ken

  8. #23
    I've been tossing around the idea of building a Moravian based in part on your exposing them here. I'm sure you have mentioned it somewhere, but, have you scaled the bench up compared to Will Myers plans? I'd like to use a BC Crisscross (I see they are making a 14" version targeted towards Moravians and smaller benches) but I really want to use the Lake Erie screw. In your experience do you think there is room for both assuming the bench is scaled up a bit with a height of say 38" instead of the ~33" on Myers version?

  9. #24
    Ken,
    Thanks for the tutorial on the 3 joints used!
    You know, I really don't need to build another bench. But every time I read about your latest, I start thinking about building one anyway........

    Fred
    "All that is necessary for the triumph of evil is that good men do nothing."
    - Sir Edmund Burke

  10. #25
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    Quote Originally Posted by Jake Hillestad View Post
    I've been tossing around the idea of building a Moravian based in part on your exposing them here. I'm sure you have mentioned it somewhere, but, have you scaled the bench up compared to Will Myers plans? I'd like to use a BC Crisscross (I see they are making a 14" version targeted towards Moravians and smaller benches) but I really want to use the Lake Erie screw. In your experience do you think there is room for both assuming the bench is scaled up a bit with a height of say 38" instead of the ~33" on Myers version?
    Jake,

    Several answers to your questions. First I built a scaled up bench (full sized shop bench) about a year ago. Will linked to it on his blog during the build. So in answer to your question, yes the bench can be scaled up very easily. I'll go back to Will, he thinks the Lake Erie wood screw will work if the long stretcher is lowered or in your case the bench is built higher.

    You will not regret building a Moravian, it is the easiest and quickest build of all the major types of benches and much cheaper to build when compared to the Roubo yet is every bit as stable. I have a Roubo sitting next to my shop sized Moravian, I expect the Moravian weights half as much as the Roubo yet is just as stable and is my main bench.

    ken

  11. #26
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    Quote Originally Posted by Frederick Skelly View Post
    Ken,
    Thanks for the tutorial on the 3 joints used!
    You know, I really don't need to build another bench. But every time I read about your latest, I start thinking about building one anyway........

    Fred
    Fred,

    If anyone doesn't need another bench it is me, yet here I am in mid build. Go for it, you will enjoy the build and even better really enjoy working on the bench. I'm always amazed at how often I pull the one I have disassembled and stacked in a corner of the shop out, put it together where needed around the house, then when finished put it back in the corner. Just like I would do with a Workmate but it is a real bench.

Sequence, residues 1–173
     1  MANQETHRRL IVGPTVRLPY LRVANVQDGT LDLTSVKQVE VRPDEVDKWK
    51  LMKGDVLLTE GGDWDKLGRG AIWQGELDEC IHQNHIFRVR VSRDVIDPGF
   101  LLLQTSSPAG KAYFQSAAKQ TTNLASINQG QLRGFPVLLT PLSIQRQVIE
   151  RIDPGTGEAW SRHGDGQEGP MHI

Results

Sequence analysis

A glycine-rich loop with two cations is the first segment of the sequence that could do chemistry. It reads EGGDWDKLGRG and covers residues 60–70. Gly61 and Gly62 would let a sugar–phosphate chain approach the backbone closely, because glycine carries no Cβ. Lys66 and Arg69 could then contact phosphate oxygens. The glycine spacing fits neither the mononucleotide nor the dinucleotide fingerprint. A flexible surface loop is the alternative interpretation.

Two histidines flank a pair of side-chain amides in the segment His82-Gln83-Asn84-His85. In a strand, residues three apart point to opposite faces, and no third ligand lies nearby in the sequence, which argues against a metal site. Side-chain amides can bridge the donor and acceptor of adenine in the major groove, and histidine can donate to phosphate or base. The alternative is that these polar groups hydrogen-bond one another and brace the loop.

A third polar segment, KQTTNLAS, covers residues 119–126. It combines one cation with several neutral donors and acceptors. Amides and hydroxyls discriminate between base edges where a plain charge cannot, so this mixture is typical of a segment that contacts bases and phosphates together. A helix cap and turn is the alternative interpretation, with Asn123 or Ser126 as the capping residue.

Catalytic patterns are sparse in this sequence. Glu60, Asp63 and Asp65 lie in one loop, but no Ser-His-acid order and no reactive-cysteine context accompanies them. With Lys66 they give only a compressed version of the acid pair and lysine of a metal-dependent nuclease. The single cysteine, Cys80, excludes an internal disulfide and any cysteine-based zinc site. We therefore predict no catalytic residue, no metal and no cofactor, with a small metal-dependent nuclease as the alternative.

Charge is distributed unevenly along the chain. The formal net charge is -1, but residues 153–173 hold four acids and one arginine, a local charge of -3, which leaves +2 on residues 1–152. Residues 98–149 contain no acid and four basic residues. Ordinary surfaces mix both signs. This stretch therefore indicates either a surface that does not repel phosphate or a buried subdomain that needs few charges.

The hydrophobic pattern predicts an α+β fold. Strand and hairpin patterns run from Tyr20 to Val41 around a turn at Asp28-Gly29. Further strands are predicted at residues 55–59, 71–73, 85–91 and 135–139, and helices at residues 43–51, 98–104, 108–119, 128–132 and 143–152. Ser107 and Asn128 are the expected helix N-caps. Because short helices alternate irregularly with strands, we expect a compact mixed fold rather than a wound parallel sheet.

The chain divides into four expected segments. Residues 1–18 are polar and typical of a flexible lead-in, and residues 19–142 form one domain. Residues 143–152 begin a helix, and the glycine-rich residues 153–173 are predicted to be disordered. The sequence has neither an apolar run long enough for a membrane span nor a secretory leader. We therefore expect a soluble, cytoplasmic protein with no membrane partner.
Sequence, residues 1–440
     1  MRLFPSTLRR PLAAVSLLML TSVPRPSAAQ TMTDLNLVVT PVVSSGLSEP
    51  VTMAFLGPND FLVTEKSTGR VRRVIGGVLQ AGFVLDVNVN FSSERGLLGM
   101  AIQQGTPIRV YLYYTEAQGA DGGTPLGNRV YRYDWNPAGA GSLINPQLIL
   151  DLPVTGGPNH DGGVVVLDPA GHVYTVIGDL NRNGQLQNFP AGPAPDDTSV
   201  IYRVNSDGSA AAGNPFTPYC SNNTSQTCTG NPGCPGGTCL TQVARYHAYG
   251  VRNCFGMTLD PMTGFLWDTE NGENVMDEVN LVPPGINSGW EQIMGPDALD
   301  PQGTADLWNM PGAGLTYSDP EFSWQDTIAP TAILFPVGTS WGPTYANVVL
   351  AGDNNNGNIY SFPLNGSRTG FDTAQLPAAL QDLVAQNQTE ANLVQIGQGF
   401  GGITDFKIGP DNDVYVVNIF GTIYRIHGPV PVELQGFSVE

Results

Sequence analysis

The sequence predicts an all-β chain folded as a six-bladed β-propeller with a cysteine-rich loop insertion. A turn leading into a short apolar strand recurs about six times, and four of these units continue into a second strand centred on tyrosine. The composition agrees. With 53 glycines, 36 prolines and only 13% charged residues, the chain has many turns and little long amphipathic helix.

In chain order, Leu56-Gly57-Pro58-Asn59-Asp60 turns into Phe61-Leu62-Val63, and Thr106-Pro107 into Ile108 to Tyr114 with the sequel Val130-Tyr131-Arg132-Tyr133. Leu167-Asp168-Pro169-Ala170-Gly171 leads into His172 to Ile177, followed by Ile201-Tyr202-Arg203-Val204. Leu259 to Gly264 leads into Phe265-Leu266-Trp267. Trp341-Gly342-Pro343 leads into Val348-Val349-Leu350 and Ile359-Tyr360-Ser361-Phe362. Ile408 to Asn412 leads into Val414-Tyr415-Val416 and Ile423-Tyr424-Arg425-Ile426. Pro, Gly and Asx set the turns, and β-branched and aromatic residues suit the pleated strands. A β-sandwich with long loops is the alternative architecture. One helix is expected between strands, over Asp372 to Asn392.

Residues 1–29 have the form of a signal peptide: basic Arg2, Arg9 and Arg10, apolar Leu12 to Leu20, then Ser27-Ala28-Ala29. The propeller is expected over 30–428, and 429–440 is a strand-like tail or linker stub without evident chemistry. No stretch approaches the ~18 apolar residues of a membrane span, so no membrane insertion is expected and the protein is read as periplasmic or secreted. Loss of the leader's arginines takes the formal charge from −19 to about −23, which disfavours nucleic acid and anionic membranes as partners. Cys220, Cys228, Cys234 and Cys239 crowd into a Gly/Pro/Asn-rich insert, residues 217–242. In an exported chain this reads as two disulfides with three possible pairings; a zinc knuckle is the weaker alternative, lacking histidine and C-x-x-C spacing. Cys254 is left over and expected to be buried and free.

ken

  12. #27
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    Smaller lapped dovetail mortises I'll take off the saw, these I figured would work better to get close to the sides with the saw and pare to fit. The first two proved that was a good decision, I hope these do as well. The only problem is it takes longer and there are more chances to screw up.

    benchChoppingDovetailMortise.jpg

    The above dovetail and mortise fit just fine. One more to go and then on to chopping the long stretcher mortises. Once those mortises are finished I'll glue up the base and then the slab. With the vise and vise backer board install plus the tool tray the bench will be finished. If not for the day job I'd be in the short rows.

    Speaking of the day job, the day job has me booked seven days in a row starting today at 1600. Work on the bench will slow a little toward the end of the seven for no other reason after four days I will be dog tired and needing a break with three more to go.

    ken

  13. #28
    Quote Originally Posted by ken hatch View Post
    Jake,

    Several answers to your questions. First I built a scaled up bench (full sized shop bench) about a year ago. Will linked to it on his blog during the build. So in answer to your question, yes the bench can be scaled up very easily. I'll go back to Will, he thinks the Lake Erie wood screw will work if the long stretcher is lowered or in your case the bench is built higher.

    You will not regret building a Moravian, it is the easiest and quickest build of all the major types of benches and much cheaper to build when compared to the Roubo yet is every bit as stable. I have a Roubo sitting next to my shop sized Moravian, I expect the Moravian weights half as much as the Roubo yet is just as stable and is my main bench.

    ken
    Thanks, I went and checked out his new posts - I'll be tuned in for the rest of your build and look forward to seeing how you like the crisscross combo.

  14. #29
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    Quote Originally Posted by Jake Hillestad View Post
    Thanks, I went and checked out his new posts - I'll be tuned in for the rest of your build and look forward to seeing how you like the crisscross combo.
    Jake,

    Good move.

    The good news, because of the design of the bench, if for any reason I do not like the metal screw or the crisscross it is an easy job to replace the whole vise unit with either a wood screw or a parallel guide and pin. Or both.

    BTW, the two base units are finished except for chopping the long stretcher mortises and then glueing those suckers together. The slab is just a lot of grunt work. The vise install, this time I don't know, it will be the first time I've used a crisscross but it should be a little less fiddly than a parallel guide. The tool tray is just a PITA because the boards are so long and only a couple of joints to hold 'em together.

    ken

  15. #30
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    Good progress Ken...Thanks for posting...We envy you....
    Jerry